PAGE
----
The immense size of Ronald Reagan's defense program -- $1.46 trillion in commitments and $1.3 trillion in spending over the next five years -- gives the distinct impression that the new president will settle for nothing less than American military superiority over the Soviet Union.
But what Reagan has done in his overhaul of President Carter's defense blueprint is only a partial step toward that goal. He has opted for increasing the highly visible weapons that can impress the world with U.S. military strength in a hurry.
These are the warships, fighter planes and tanks for use in saber-rattling or fighting less than all-out nuclear war. They have nothing to do with improving strategic balance described by Reaganites during the election campaign as swinging in the direction of the Soviets.
Reagan's postponement of the big strategic decisions -- like how to close the "window of vulnerability" opened up when the Soviet Union perfected warheads accurate enough to destroy U.S. ICBMs in underground silos -- means this part of the arms race could still be forestalled even as the competition in conventional arms proceeds apace.
Chairman James R. Jones (D-Okla.) of the House Budget Committee said last week he will focus on the need to negotiate a U.S.-Soviet showdown in the arms race during his committee's review of Reagan's economic recovery program. He said a wide-open arms race would defeat the recovery effort.
In choosing to emphasize conventional military arms, Reagan rejected, at least for now, expensive quick-fixes in the nuclear balance pressed upon him by some of his early advisers.
William Van Cleave, for example, who headed Reagan's transition team at the Pentagon, advocated digging extra holes for existing Minuteman missiles so they could be rotated to foil Soviet gunners. But this idea sank out of sight along with Van Cleave, who returned to a teaching post in California.
Reagan did set aside $2.5 billion in the fiscal 1982 defense budget for a new manned bomber, a strategic weapon. But the bomber is not even on paper yet. And the president is still studying how to deploy the new MX land missile, which Carter wanted to emplace in the valleys of Nevada and Utah.
When Navy Secretary John Lehman volunteered to reporters last week that he did not believe the United States should feel bound to the limits in the strategic arms accords, SALT I and SALT II, as it rebuilt its arsenal, he was promptly slapped down by a State Department statement which said this was not the administration view. The conventional weapons buildup is not covered by the SALT agreements.
Reagan's closest defense adviser, Defense Secretary Caspar W. Weinberger, is steering away from terms like "military superiority" or "margin of safety" used so often by Reagan and/or his allies during the campaign. While stating he believed the Soviets had achieved military superiority, Weinberger said last week that "the fundamental objective" of the Reagan defense program is to make a nuclear attack on the United States look like a losing proposition to any would-be aggressor -- an oblique way of pledging that the United States plans to reverse the balance.
The Reagan team has veered noticeably from the language used by the past three administrations which placed "parity" or "essential equivalence" with the Soviets as the nation's strategic goal.
All this definitely does not rule out Reagan going for military superiority over the Soviet Union later in his administration. But for the moment he is sticking with the all-volunteer armed forces.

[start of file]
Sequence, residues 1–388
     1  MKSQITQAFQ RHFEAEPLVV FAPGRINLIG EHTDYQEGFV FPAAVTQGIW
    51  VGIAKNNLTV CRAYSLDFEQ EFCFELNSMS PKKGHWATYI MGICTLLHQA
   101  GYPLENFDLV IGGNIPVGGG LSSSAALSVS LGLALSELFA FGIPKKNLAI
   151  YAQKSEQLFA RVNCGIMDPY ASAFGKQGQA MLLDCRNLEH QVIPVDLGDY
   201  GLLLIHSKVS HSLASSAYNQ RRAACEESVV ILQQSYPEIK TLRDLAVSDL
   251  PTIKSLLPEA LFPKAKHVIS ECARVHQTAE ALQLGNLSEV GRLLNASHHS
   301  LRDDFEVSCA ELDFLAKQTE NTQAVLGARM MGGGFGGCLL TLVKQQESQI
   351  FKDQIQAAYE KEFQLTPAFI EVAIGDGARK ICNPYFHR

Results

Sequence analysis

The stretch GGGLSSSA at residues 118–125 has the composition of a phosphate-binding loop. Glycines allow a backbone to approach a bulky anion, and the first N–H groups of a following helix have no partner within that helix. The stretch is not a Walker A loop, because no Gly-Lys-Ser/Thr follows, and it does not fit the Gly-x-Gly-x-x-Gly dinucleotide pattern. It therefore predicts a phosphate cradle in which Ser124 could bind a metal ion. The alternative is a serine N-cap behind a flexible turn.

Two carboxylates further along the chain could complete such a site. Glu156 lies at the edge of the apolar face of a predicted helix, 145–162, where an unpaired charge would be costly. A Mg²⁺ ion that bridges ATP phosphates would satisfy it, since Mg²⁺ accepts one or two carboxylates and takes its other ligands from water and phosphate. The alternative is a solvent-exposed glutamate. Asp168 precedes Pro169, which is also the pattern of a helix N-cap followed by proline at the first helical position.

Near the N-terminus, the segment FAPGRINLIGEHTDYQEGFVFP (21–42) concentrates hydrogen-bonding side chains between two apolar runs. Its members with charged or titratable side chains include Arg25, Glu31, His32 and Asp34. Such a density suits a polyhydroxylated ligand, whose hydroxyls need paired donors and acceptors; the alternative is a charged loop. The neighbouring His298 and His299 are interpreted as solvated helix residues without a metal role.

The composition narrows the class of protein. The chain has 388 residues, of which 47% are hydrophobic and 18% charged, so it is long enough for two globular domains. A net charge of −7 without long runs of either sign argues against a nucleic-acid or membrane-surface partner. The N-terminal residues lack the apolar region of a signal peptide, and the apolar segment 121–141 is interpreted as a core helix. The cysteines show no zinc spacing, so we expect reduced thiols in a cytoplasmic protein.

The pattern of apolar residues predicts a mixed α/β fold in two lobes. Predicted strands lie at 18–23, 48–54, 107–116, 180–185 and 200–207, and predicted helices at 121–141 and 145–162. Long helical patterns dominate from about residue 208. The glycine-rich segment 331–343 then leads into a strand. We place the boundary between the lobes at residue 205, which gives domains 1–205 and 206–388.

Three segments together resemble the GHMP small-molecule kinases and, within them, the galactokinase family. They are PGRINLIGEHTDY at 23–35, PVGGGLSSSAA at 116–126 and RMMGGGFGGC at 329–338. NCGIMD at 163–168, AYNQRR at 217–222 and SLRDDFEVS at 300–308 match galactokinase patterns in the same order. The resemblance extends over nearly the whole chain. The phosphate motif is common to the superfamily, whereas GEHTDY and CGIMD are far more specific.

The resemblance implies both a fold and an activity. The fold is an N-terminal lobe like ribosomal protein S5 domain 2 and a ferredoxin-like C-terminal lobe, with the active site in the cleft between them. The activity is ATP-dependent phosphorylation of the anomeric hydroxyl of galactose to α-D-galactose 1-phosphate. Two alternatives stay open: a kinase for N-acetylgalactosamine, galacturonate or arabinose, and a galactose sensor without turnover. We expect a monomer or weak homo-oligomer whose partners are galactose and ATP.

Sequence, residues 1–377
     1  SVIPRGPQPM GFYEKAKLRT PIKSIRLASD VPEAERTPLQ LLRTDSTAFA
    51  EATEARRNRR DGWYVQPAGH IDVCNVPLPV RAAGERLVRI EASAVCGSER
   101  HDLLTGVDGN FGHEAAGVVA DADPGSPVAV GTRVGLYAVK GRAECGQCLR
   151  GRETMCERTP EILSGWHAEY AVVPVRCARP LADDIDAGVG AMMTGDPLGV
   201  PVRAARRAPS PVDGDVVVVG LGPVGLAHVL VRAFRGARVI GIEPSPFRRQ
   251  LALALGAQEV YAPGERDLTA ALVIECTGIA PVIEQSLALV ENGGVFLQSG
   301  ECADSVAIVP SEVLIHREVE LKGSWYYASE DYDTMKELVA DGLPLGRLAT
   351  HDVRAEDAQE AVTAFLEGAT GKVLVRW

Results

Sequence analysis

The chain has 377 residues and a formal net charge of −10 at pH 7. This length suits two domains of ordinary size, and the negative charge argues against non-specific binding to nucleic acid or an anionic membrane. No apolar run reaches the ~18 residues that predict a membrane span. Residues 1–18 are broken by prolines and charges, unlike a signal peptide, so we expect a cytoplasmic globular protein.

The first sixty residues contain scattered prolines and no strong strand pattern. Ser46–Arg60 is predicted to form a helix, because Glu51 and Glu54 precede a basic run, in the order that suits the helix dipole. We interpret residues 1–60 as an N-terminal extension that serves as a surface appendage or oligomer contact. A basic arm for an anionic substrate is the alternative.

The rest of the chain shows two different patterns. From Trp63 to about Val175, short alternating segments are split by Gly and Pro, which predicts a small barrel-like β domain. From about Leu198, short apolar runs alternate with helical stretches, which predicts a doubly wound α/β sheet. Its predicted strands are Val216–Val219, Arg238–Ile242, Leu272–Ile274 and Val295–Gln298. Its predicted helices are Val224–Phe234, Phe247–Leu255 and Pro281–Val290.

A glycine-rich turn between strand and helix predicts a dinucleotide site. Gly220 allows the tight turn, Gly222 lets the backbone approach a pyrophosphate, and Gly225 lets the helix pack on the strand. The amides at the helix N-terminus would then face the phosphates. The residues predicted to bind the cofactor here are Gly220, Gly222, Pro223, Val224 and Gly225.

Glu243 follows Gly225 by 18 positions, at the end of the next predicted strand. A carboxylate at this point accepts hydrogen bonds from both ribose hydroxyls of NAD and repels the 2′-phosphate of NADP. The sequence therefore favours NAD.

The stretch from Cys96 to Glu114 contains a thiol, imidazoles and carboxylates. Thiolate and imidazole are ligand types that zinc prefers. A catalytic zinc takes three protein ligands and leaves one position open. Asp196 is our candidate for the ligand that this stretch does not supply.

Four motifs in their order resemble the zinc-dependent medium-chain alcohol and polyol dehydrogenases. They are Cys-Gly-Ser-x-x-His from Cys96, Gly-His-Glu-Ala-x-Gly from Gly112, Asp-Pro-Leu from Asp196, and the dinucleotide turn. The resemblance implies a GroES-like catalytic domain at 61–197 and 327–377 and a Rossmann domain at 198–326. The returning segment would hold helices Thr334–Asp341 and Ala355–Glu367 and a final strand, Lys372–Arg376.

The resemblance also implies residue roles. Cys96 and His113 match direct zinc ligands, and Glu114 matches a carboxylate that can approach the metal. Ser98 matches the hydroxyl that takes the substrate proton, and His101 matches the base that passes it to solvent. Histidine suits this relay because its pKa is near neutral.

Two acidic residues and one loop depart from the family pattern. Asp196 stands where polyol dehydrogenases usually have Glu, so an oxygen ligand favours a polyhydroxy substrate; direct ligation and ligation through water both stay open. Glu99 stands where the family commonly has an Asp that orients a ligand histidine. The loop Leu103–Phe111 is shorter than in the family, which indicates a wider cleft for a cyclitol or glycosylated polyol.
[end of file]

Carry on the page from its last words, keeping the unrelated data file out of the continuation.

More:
Reimposition of the draft is regarded by many specialists as essential for closing the manpower gap with the Soviets. As a candidate, Reagan repeatedly expressed his opposition to a draft.
For now, the president is also sticking to Carter's main new strategic weapons, the MX system and the unmanned cruise missiles.
So where is all this money going, if not into additional strategic weapons debated so loudly during the campaign? The way Reagan approtioned the defense dollar in his rewrite of Carter's fiscal 1982 budget is instructive.
Carter earmarked $74.4 billion for general purpose forces -- those for fighting non-nuclear wars. Reagan raised that to $89.5 billion. That $15.1 billion increase in this one account is almost as big as the $17.4 billion Reagan set aside for stragetic nuclear weapons like ICBMs, missile submarines, cruise missiles and bombers. Carter had put $14.5 billion in his strategic account, meaning Reagan raised it only $2.9 billion, almost all for the bomber still on paper.
From the standpoint of getting highly visible American weapons out where people can see them, Reagan's emphasis on conventional weapons makes sense. The battleship New Jersey can be brought out of mothballs and sent to the Persian Gulf before the MX missile is ready to deploy anywhere. The New Jersey is one of three ships Reagan wants to reactivate. a
Unlike the paper bomber, Reagan does not have to wait years to get the F15, F16 and F18 fighters. They are already in production. Reagan intends to order more of them than Carter planned to buy. The Army's M1 main battle tank is also in reach. Reagan wants production accelerated.
There is also heavy emphasis in Reagan's defense program on fixing up the ships, planes and tanks on hand by spending billions on spare parts and overhauls. This addresses the so-called readiness problem and reduces the chance of reading more horror stories about warplanes that cannot fly and ships that cannot sail. Carter's farewell defense budget represented a turnaround in investing in readiness, even if it meant buying fewer new weapons.
A White House official conceded that the Reagan administration decided to ask Congress for big increases in defense this year, partly for fear the country's current pro-defense mood will not last. So Reagan's first defense budgets call for getting a lot more while the getting is good.